10. He continues that the article does nothing to counterbalance assertions in the suicide note. These could have included:

  • Suicide is selfish
  • The wish for no-one to help the person thinking of suicide
  • People should be happy enough not to consider suicide
  • Suicide lets down other people

11. While accepting the media guidelines may not be binding, he believed it recognised best practice which theNew Zealand Herald ought to have followed. He said alternatively, even if it is not best practice, the guidelines represent a safer, more responsible and ethical way to report on suicide.

12. He referred to the Media Council’s preamble referring to maintaining the press in accordance with highest professional standards and said the story could have been published by theHerald in a different and more responsible way that would have maintained public faith in the media.

The Response

13. Mr Alley points out that the suicide in question attracted significant international media attention.This was occasioned by a lengthy post the deceased made on Facebook which apologised to his family and set out his final wishes relating to his possessions.Mr Alley said this was “a powerful and eloquent insight into his state of mind and his concern for others, while providing instructions for final arrangements.”

14. He further stated that the use of Facebook for this message, rather than a written note, also attracted media attention after Facebook declined to delete the post.One of the reasons it declined to do so was because the deceased’s family wanted it to remain online.

15, The editor referred to the comments by the Senior Coroner in the Leeds Coroners Court:

It seems that relationships, as they can, faltered and they were discussing separation. It would appear that’s what’s prompted him to take the action that he did.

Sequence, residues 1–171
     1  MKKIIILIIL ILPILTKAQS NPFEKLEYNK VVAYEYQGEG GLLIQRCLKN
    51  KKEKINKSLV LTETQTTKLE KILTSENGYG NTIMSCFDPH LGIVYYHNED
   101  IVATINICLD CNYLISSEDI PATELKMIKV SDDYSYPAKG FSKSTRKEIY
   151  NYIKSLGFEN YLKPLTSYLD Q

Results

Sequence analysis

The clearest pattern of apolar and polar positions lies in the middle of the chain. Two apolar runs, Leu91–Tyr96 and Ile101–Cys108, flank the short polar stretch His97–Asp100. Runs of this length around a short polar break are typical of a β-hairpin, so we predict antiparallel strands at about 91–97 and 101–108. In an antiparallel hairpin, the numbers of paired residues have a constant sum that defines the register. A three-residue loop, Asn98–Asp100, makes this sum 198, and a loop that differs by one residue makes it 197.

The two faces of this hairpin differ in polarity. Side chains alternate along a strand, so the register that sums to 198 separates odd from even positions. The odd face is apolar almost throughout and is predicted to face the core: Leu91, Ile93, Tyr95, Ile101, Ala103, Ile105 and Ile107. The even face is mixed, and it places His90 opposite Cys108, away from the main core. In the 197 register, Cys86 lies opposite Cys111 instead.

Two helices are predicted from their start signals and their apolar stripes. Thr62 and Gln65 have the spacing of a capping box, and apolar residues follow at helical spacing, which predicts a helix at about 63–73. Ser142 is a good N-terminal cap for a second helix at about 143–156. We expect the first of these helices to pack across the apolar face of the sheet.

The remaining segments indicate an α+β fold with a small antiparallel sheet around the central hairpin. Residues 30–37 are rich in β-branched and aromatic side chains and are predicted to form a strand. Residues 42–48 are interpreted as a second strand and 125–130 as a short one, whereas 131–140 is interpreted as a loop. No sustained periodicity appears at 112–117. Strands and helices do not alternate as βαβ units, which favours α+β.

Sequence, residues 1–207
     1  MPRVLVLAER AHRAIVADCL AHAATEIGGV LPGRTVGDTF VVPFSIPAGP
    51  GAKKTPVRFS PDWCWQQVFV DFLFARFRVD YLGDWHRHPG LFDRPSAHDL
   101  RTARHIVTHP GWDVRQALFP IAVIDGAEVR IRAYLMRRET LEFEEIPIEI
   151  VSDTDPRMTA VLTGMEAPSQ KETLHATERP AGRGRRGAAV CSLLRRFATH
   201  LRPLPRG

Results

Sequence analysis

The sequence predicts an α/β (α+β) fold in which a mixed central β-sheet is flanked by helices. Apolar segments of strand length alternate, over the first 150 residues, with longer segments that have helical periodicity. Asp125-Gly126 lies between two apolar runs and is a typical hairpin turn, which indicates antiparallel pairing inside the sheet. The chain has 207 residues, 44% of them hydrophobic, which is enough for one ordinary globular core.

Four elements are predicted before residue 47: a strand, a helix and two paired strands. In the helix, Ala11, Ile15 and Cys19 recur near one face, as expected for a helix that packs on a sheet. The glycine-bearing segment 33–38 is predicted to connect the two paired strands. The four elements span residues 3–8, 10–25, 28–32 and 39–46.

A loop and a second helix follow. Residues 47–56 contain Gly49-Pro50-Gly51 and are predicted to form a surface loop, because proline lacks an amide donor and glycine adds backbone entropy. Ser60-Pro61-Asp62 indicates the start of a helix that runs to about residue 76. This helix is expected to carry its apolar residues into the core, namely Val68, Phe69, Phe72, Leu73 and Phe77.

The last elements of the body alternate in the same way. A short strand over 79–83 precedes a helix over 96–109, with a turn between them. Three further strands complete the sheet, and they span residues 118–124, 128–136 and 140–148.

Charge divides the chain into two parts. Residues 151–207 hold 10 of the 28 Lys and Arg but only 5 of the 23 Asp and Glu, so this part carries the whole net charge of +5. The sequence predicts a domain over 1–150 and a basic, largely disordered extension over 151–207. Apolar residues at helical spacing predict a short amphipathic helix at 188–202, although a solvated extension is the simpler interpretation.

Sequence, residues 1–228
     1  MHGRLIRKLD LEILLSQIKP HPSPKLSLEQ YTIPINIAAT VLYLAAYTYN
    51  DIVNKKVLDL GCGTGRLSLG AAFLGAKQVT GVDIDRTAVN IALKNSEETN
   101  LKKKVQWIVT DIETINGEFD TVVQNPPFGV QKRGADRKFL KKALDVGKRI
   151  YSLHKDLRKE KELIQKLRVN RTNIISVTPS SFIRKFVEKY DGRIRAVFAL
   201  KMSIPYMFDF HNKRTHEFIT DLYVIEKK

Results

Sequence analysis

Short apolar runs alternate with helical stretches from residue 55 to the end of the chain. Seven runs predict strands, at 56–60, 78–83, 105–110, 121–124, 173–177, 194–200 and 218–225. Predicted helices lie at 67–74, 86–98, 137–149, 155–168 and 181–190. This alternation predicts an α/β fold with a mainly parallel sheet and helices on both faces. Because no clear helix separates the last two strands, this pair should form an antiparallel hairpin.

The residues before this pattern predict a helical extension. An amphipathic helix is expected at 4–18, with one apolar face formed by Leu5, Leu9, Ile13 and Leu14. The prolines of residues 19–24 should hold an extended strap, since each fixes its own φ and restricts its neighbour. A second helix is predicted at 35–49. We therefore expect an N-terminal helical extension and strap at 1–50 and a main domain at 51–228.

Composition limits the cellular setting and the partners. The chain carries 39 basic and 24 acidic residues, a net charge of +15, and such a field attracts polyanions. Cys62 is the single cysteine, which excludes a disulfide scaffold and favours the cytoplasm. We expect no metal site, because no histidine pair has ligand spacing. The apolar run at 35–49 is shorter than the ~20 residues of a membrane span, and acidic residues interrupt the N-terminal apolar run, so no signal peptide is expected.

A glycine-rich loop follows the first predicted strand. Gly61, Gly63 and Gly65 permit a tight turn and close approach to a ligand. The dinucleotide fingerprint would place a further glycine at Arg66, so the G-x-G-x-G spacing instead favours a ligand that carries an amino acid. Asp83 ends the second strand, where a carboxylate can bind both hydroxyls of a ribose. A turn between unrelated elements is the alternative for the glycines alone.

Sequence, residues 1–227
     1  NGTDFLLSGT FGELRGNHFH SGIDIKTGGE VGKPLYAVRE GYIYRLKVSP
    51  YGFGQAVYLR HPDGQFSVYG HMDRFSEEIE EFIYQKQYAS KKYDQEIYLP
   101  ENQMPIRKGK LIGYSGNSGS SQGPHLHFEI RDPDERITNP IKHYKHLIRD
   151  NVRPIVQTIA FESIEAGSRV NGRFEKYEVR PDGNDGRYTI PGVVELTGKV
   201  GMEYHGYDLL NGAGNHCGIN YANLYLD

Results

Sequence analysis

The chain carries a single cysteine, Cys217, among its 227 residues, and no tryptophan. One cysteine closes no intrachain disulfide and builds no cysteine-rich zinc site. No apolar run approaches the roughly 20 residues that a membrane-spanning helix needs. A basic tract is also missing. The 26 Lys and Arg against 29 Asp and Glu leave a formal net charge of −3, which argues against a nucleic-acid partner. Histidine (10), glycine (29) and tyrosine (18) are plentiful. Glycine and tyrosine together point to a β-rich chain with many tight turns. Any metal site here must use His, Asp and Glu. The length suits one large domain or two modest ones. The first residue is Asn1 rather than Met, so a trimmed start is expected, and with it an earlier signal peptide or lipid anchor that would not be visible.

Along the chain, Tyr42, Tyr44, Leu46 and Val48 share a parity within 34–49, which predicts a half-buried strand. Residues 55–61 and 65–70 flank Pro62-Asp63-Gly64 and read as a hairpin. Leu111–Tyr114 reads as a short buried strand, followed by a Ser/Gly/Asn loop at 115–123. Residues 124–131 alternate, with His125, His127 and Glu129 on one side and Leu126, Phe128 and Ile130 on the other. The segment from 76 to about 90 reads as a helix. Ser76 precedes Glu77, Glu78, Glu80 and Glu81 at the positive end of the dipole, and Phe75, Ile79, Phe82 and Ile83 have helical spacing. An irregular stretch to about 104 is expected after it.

16. Accordingly, he said, the article was accurate, which was confirmed by the inquest’s findings.

17. The editor also pointed out that British law does not prohibit the media from reporting the method of suicide, in contrast to the New Zealand position which has what he considers restrictive rules.Notwithstanding this, in accordance with the Herald’s internal protocols, the method of death was not included in the article.

18. The editor then goes on at some length regarding the Herald’s own protocols for suicide reporting, and points to comments by the Health Minister, David Clarke, and mental health advocate Mike King to support his view that the restricted position in New Zealand is not reducing our stubbornly-resistant, high suicide rates, particularly in those under 25.He also points out that social media is an unregulated medium, immune from New Zealand’s legal restrictions.

19. He refers to the reporting guidelines issued by the New Zealand Mental Health Foundation and points out they apply to New Zealand cases only.Notwithstanding that, he said key aspects of the guidelines are included in theHerald’s reporting protocols, namely:

    • that articles should carry a warning that the article deals with the issue of suicide;
    • that the method not be reported; and
    • publication of a full list of MHF-recommended helplines (with hyperlinks) to support agencies, at the bottom of the article.

20. He said the Herald complied with all of these aspects, and he disagrees with the complainant that the article was “dangerous”, “irresponsible” or “inappropriate”.

21. Mr Alley also stated :

I also stress that the MHF actively monitors suicide reporting in New Zealand and has no hesitation in contacting media to raise concerns about articles, or to provide feedback. This has not happened in relation to the January 9 article and I note Mr Roberts’ complaint is the only one we have received in relation to this article.